Building relationships – these may be new relationships with new class teams and peers or the rebuilding of relationships. We are mindful that overnight, many of our pupils went from seeing us almost everyday to not returning for long periods of time. Children may also have experienced or may now experience separation and/or attachment difficulties after being at home for so many months.
Identity – who am I? How do I fit into this class/wider school community? We will continue to make sure each pupil is able to develop a sense of self and feel part of the school community. This already forms an important aspect of our curriculum.
Re-engagement – some children may not have had the challenge of engaging with adult led or a wider variety of activities for months. We recognise this and will support pupils to re-engage with us, the learning environment and with learning opportunities. This will be a very individual process and will happen over a period of time as appropriate to each pupil.
Linked with re-engagement is our awareness of and sensitivity to how overwhelming a classroom or school environment may be for children who have been out of school for extended periods of time.
Building confidence and security – we know our pupils are happy and secure when they feel confident to explore and test boundaries which all leads to increased learning.
Building stamina, focus and attention. The school day may prove to be quite tiring and even exhausting for children returning to school. Learning opportunities and the school day will be carefully considered and planned for so that the stamina, focus and attention capacity of pupils is gradually and appropriately increased.
SPACE AND TIME – there is no rush! The most important thing we can do for our pupils now and to support their future learning and wellbeing is to give priority to meeting the needs above which requires space and time.
What have we learnt so far?
When pupils returned to school at the end of the first lockdown in September 2020, we were able to put our recovery curriculum into action and we continue to do so for pupils during the second period of lockdown. This has been an opportunity to reflect on the aspects of our recovery curriculum which work well and where there may be other issues to consider;
- We can see that when we had smaller numbers of children in school during lockdown, pupils benefited from and responded well to quieter learning environments. Although we already had an emphasis on small group and individual learning, this has reminded us of the need to use our additional spaces around the school to enable small group learning throughout the school day.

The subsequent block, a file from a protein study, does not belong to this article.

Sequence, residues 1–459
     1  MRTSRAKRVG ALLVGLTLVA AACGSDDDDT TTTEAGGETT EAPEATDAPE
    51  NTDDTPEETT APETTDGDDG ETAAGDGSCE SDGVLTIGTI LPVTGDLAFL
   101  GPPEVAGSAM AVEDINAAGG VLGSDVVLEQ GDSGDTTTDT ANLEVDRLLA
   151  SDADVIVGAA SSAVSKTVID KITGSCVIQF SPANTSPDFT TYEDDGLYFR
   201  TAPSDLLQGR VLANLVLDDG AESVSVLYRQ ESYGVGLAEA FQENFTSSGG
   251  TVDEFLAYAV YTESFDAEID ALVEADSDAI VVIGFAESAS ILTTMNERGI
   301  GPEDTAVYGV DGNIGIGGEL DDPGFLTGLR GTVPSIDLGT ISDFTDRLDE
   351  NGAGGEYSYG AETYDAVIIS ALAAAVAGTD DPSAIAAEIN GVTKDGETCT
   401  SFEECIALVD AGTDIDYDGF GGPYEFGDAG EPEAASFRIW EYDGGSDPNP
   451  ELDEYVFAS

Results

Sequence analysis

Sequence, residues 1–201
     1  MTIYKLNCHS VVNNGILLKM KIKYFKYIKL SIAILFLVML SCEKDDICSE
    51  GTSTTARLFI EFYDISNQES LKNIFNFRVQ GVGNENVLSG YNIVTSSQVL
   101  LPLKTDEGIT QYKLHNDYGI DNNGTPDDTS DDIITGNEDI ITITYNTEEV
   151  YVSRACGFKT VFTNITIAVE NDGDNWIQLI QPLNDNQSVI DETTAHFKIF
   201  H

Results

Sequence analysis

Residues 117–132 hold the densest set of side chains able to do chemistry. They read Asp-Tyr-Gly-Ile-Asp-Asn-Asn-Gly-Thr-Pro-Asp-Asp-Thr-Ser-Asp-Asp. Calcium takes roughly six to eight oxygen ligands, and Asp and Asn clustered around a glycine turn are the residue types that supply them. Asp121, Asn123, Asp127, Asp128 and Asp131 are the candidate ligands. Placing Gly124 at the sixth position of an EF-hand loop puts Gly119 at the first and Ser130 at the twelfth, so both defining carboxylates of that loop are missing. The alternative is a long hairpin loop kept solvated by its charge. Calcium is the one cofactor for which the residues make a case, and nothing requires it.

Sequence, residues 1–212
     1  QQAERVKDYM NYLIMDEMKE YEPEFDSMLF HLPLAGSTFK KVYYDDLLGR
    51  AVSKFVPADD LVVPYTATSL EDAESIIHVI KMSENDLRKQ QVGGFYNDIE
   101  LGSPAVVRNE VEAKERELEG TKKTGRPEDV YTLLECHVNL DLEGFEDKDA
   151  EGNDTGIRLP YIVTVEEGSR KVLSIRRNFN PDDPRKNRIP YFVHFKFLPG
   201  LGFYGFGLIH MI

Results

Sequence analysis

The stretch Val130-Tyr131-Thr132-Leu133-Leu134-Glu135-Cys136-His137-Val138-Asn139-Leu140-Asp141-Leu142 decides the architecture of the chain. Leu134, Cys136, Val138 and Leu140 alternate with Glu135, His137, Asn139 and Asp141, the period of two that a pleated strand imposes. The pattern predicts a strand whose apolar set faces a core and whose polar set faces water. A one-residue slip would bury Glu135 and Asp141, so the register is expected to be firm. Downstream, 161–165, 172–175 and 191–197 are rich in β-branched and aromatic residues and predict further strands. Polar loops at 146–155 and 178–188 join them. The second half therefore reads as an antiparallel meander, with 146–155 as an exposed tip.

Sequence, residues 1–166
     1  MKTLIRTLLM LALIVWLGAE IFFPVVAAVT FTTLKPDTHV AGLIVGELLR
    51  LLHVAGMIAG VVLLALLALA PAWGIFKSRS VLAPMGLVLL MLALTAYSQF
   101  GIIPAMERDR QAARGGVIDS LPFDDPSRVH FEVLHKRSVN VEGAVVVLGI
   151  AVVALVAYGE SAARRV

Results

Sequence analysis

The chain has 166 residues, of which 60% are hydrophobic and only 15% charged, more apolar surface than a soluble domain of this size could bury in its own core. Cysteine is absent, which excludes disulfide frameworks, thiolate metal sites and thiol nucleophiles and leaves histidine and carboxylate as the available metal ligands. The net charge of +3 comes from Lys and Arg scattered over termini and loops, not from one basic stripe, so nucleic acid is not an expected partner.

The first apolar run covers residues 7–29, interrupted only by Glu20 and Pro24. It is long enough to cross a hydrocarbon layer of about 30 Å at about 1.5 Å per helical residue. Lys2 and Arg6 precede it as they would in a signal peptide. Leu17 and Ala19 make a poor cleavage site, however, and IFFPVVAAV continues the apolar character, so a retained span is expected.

- We have been reminded, through remote learning and pupils returning to school, just how important relationships are for learning and development. Although we knew this beforehand, staff awareness of the impact of relationships between pupils-staff-peers-environment has increased.
- Smaller numbers of pupils on-site has allowed for the development of relationships of greater intensity between pupils-peers and pupils-staff with increased opportunities for interaction. As part of our recovery curriculum and beyond, we will continue to be mindful of planning to provide more opportunities for quality interactions throughout the school day.
- Space and time are vital for pupils’ wellbeing and learning. The process of developing key aspects of the recovery curriculum with pupils is highly individual and the time and space given for these things to happen will be entirely dependent upon the needs and experiences of each pupil.
- We have had to think about different ways of building relationships and keeping in touch with families. Some of these methods may continue to be used as part of a range of ways that we can create a fully inclusive school for parents and carers.
- Some pupils have made great progress in specific areas of develop (e.g.; independence skills) whilst learning at home. We recognise that this can be a great learning opportunity for us, the find out what pupils have achieved whilst not in school and how this learning took place – we can use this understanding for the benefit of pupils in school too!
- Our pupils and their families are amazing – okay, we knew this already – but, that doesn’t stop us from being astounded by the levels of resilience that we have seen from pupils and their families alike – whilst needing to stay at home and upon their return to school.
More information on Recovery Curriculum: Barry Carpenter, CBE ‘A Recovery Curriculum: Loss & Life for our children and schools post pandemic’